There basically three physical qualities of a good pitch; location, movement, and velocity.  A pitcher to be successful in the major leagues must have 2 of the 3 that are above average.  For example, certain pitchers have great control and movement (e.g Greg Maddux).  Others have great velocity combined with control (CC Sabathia) and others have great velocity and movement (Randy Johnson).  You do not have to have all three but you better have 2 of the 3 to be a big league pitcher.

My philosophy on teaching these are to see what a pitcher naturally does well out of the three and focus on that.  I cannot make a pitcher with below average velocity suddenly find a 95 mph fastball.  What I enjoy about developing pitchers and hitters is  being able to take what they already do well and make it better. For example, if I work with a pitcher that has natural sinker spin on the ball, I focus on how to make that sinker better and develop a general strategy for that pitcher to be successful with that pitch.  Many times, a pitcher has the ability to be successful but has not realized how to utilize his strengths effectively.  I enjoy being able to take each individual pitcher and getting them to gain a better understanding of how they can use their pitches to win games.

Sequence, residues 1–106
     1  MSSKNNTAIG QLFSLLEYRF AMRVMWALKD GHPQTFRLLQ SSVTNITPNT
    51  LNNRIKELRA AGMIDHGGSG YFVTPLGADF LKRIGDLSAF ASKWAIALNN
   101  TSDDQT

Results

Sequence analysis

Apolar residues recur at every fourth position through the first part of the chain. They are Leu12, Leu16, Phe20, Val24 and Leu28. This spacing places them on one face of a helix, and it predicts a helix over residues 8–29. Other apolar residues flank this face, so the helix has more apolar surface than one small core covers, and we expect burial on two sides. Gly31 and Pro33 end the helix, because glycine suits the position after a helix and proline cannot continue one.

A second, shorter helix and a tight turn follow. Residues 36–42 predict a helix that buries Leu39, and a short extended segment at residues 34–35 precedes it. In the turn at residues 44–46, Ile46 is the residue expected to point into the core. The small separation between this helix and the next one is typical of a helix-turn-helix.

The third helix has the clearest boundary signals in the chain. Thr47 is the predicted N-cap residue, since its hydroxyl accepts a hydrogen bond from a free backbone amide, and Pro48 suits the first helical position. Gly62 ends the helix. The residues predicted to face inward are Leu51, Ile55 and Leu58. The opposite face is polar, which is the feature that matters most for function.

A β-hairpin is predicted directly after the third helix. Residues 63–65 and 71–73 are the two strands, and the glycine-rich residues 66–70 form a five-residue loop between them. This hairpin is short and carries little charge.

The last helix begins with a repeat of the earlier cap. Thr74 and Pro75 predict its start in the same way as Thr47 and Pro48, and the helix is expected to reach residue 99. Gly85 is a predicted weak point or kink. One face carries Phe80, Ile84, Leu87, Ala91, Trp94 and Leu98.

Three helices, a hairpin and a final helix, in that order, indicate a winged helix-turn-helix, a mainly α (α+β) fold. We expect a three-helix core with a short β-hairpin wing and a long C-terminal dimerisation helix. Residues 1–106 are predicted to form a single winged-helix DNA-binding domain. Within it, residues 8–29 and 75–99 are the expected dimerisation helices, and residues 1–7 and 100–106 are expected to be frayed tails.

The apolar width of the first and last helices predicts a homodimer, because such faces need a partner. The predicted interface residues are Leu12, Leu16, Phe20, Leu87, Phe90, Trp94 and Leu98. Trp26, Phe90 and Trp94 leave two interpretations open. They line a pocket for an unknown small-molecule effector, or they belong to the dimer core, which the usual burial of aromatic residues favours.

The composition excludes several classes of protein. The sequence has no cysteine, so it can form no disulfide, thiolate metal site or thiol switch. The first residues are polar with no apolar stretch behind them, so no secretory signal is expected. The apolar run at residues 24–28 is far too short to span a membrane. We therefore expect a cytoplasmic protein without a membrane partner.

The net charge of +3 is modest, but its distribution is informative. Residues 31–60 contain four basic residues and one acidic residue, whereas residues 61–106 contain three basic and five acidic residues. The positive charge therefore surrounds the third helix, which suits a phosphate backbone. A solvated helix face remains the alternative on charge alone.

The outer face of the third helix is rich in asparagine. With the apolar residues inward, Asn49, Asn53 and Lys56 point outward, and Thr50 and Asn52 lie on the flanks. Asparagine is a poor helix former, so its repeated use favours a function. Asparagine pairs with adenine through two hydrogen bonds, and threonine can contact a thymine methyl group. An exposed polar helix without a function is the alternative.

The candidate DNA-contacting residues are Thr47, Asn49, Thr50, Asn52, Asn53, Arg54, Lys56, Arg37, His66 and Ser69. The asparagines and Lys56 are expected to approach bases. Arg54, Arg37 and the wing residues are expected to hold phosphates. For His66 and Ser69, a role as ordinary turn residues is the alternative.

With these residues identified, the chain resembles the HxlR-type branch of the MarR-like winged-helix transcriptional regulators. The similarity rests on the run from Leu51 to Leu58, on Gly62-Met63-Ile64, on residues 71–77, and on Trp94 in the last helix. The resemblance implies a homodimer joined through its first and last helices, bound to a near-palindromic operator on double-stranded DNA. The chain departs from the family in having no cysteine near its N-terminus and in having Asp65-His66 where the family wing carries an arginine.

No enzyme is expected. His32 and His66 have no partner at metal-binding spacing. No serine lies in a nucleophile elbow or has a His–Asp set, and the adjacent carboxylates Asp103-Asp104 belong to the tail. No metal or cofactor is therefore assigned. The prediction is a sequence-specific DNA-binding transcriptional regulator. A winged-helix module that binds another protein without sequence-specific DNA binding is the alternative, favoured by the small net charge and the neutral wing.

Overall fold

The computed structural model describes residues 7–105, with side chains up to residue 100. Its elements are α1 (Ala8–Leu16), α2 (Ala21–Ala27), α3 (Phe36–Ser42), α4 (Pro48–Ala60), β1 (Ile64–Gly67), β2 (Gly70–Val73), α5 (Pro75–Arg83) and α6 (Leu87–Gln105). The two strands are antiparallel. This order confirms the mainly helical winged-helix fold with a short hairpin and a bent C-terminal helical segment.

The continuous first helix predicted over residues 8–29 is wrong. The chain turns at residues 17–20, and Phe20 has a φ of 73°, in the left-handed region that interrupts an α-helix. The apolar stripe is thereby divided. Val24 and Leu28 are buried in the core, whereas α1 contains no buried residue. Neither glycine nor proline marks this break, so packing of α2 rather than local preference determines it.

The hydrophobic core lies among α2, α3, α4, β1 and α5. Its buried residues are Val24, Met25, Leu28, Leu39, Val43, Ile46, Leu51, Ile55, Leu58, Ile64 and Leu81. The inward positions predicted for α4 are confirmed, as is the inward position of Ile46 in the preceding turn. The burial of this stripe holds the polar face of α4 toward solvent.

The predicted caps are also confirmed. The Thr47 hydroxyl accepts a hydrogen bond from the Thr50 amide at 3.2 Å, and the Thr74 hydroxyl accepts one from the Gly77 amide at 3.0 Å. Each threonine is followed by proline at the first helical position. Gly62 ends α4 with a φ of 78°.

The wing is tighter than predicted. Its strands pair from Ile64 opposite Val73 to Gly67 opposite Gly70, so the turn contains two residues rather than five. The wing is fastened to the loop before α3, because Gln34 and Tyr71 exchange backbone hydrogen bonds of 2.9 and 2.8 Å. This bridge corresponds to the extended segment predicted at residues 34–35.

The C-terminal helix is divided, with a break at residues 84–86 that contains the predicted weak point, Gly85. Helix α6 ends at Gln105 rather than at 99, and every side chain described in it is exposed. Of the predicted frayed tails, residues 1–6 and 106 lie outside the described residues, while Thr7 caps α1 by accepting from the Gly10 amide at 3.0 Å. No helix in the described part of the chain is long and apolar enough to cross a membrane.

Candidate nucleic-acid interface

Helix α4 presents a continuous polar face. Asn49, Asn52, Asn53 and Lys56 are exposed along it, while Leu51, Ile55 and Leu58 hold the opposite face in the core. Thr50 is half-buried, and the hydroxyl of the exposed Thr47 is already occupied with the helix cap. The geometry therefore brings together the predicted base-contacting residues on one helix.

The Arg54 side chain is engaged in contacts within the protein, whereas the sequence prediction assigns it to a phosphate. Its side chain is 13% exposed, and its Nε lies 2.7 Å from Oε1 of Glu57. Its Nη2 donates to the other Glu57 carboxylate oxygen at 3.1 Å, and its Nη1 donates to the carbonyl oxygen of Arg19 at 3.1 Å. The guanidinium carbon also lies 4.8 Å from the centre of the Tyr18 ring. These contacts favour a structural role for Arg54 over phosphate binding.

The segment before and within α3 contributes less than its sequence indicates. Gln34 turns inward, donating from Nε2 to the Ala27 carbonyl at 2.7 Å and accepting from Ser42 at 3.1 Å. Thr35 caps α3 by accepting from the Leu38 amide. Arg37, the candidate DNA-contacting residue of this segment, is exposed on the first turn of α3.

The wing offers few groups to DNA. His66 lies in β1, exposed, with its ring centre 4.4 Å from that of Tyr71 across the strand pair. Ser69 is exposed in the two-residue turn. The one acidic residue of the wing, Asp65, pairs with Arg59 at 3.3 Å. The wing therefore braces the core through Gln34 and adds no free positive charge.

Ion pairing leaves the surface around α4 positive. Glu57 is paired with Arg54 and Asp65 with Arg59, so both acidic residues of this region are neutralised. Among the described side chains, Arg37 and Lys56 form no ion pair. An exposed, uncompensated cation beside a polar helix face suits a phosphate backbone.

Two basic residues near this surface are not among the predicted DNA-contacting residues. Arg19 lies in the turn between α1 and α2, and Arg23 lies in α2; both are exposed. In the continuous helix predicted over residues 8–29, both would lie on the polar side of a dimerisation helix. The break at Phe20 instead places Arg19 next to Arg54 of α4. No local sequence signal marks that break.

There are many ways to teach velocity but there is not one fool proof solution to increasing velocity.  I am constantly looking for ways to improve velocity in pitchers as it is a primary goal for many players with which I work.  It is a combination of natural arm speed, size and leverage, mechanics, and timing within those mechanics.  My job is to take each pitcher and try to get the most velocity out of their bodies.  Many times it is numerous incremental adjustments to mechanics that add up to additional velocity.